Never too old to learn
A reader writes: “Your column on Brazillionaires was fascinating (Sept. 9, 2016). It is sad to see that in countries like Brazil and the Philippines, inequality is getting worse. But even in developed countries like the US and Europe, the same thing is happening. The gap between rich and poor is getting worse—just look at the many malcontented young people who are desperate enough to turn to terror. I wish society will take care of its poorest people more, starting with basic health and education. What do you think?”
It is tempting to agree with you that inequality is increasing around the world, but since I am not an economist, I will have to rely on what experts say. Allister Heath, the deputy editor of the UK’s “The Telegraph,” debunks the myth that inequality is the main problem.
In a provocative article entitled, “Yes, Some People Really Struggle, But Inequality Isn’t the Problem,” Heath cites figures from the West.
In the UK, income inequality is practically the same as it was 30 years ago. In fact, a decade ago, the incomes of the bottom tenth increased by almost eight percent; the middle group, by a bit more than two percent; and the top tenth, by—Surprise!—zero percent.
The situation in the US is similar. Heath quotes Emmanuel Saez, a University of California-Berkley professor, who says that the top income earners made 13 percent less, compared to the rest, who made around eight percent less than before the recession, narrowing the gap significantly.
When government benefits are included in the calculations, Heath quotes figures from the Congressional Budget Office showing that inequality in 2013 is almost five percent lower than before the recession.
The real problem, contends Heath, is not inequality per se, but not enough income for most people because of slow economic growth.
“The genuinely problematic inequality that does exist in our midst does not show up in the usual income statistics,” says Heath. “Large groups of people across the West are suffering from inadequate education, family and community breakdown and a deep, tragic cultural poverty.”
In a way, you are right. The developed nations appear to be suffering the same problems of many developing ones. In the UK, Heath enumerates inadequate education for children and adults, and lack of access to manufacturing jobs; in the US, decreasing employment for poorer workers with less education, and lower life expectancies for Caucasians for the first time due to suicide and alcohol problems.
I agree about the value of education for everyone, and so does Heath.
“We will need hugely improved education for children and adults alike, a cultural and social renewal, an entrepreneurial rebirth and a pro-growth economic policy.”
In our graduate school in psychology a decade ago, a feisty and smart lady was well-known, not just for her stellar academic performance, but for the fact she was taking tough courses during her fifties and sixties.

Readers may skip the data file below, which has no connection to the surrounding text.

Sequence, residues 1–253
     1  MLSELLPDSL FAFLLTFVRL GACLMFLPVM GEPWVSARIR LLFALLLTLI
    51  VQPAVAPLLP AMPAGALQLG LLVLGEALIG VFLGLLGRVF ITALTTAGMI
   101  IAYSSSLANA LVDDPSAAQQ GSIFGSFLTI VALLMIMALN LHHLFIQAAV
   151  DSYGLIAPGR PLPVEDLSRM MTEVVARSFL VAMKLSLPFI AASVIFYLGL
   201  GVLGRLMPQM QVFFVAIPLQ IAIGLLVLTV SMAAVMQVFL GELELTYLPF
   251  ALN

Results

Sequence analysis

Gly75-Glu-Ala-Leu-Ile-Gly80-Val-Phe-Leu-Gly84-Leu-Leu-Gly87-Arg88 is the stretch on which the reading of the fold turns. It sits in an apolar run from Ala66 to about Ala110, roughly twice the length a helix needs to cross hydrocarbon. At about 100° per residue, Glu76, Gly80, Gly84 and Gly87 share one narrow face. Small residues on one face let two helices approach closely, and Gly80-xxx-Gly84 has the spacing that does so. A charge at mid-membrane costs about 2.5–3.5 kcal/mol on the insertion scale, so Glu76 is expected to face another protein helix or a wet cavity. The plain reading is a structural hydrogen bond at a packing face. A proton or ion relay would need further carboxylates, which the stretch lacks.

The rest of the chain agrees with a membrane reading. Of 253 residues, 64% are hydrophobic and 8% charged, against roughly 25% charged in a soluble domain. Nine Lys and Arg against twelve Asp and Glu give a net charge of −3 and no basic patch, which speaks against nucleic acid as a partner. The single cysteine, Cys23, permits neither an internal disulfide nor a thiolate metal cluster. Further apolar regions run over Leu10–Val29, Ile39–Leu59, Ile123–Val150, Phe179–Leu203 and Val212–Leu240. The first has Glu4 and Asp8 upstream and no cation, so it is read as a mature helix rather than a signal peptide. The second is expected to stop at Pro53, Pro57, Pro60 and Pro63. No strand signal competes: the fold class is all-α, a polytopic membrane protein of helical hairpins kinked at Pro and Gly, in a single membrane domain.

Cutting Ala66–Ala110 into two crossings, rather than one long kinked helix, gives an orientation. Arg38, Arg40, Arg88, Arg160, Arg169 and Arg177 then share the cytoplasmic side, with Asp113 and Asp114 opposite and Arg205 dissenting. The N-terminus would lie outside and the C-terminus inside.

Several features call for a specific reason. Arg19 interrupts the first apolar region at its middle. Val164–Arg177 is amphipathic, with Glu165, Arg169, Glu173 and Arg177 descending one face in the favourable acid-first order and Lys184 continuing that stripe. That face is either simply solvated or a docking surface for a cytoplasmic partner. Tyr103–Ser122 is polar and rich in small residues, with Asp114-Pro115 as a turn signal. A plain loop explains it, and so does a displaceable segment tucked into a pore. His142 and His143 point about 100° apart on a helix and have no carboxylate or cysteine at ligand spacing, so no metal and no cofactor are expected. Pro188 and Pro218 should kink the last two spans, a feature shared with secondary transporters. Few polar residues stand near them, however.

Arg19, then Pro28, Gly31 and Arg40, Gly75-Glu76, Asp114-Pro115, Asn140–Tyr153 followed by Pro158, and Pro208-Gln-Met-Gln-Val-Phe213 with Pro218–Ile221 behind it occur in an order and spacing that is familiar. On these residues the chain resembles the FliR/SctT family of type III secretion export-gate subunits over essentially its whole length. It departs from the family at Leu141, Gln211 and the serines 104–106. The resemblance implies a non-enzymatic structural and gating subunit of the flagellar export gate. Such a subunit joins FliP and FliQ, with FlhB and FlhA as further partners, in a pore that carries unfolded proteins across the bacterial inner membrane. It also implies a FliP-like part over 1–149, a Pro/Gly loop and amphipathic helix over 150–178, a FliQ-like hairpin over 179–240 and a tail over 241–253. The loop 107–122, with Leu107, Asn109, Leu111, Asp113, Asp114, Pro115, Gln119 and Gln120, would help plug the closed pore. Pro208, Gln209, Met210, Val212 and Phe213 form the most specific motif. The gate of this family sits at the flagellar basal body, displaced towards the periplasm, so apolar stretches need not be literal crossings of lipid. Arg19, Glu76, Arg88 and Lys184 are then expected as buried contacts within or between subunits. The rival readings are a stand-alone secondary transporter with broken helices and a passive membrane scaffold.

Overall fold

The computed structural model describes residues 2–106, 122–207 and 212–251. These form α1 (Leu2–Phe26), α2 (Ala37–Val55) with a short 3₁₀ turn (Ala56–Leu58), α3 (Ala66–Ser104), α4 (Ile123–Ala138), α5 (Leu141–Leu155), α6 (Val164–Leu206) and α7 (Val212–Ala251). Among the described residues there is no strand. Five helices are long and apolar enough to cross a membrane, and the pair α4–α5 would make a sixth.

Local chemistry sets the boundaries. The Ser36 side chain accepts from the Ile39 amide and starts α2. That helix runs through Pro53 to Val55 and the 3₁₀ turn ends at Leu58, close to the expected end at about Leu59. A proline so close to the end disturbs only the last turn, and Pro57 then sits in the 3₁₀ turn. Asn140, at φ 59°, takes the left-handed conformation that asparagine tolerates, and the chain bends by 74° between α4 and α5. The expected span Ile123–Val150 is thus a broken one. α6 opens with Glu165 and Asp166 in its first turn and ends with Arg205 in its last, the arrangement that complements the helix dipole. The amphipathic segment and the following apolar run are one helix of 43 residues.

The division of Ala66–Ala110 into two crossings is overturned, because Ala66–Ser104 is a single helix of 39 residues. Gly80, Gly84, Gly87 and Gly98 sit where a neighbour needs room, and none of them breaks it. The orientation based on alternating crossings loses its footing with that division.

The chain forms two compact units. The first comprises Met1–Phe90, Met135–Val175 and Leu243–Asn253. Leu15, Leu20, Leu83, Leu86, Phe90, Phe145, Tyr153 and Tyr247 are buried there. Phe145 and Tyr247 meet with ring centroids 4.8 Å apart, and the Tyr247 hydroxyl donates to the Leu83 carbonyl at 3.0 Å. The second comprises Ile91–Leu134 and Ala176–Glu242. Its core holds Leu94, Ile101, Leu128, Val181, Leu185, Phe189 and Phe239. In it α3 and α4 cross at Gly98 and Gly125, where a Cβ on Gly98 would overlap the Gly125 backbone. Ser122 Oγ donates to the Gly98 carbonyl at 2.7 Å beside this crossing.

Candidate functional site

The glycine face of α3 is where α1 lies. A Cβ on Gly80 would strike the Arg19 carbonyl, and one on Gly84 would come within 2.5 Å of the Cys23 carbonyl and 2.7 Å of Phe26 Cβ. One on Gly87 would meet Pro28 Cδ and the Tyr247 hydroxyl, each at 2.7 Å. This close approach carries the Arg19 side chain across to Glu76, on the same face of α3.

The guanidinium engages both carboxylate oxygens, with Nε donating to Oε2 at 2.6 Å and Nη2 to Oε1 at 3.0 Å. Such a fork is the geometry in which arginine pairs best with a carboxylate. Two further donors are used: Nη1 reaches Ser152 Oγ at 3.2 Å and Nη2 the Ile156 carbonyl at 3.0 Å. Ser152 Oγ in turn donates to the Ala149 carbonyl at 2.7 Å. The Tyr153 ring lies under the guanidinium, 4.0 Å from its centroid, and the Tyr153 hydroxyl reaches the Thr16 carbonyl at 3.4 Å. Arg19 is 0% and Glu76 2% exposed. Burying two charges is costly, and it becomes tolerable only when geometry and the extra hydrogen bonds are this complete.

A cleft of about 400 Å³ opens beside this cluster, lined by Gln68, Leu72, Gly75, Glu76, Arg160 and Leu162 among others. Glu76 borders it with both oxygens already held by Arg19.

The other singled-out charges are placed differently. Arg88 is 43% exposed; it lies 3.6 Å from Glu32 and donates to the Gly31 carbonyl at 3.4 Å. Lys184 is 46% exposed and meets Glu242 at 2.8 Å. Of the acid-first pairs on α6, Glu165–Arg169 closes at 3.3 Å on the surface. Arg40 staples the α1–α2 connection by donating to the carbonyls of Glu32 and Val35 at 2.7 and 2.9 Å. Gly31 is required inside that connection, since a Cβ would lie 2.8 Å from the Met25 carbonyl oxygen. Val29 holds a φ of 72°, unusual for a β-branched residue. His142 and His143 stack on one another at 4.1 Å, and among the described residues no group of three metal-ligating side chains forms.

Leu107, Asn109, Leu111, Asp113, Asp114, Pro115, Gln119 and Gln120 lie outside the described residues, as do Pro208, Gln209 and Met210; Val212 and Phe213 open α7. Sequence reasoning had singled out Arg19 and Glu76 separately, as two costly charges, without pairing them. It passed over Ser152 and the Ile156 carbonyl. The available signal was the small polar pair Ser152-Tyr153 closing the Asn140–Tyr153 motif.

But unfortunately, she is an exception. Many students cannot wait to get out of school, without realizing that in today’s competitive world, learning has to be a lifelong process, in order for them to stay competitive in the workplace.
“[Education] is no longer just confined to schools and institutes of higher learning,” Singapore Acting Education Minister Ong Ye Kung says, “but is a lifelong pursuit of mastery and excellence.”
The Singapore government introduced the SkillsFuture program to encourage people to go back to school to retool their competencies and become more flexible as workplace requirements became more fluid.
Several universities, including some in the Philippines, have ramped up their graduate courses, especially part-time diploma subjects for adult learners to take after work. Links between industry and academe have also multiplied, with interns doing not just low-level tasks, but facing actual challenges.
The implications for family businesses are clear. When founders anoint their children as successors right after college, the move will likely backfire, unless the former have been working alongside the latter all their lives, and unless the skills needed are low-level and routine.
Businesses will not grow, and will probably not even be sustainable.
Most successful family businesses require their children to develop their skills in other workplaces for several years after graduation. Some even go on to take master’s degrees. But MBAs may no longer be enough in our fast-changing world: regular short courses, plus training seminars and workshops, which target specific skills, need to be a staple of employees today.
Queena N. Lee-Chua is on the Board of Directors of the Ateneo de Manila’s Family Business Development Center. Get her book “Successful Family Businesses” at the University Press (e-mail email@example.com). E-mail the author at firstname.lastname@example.org.
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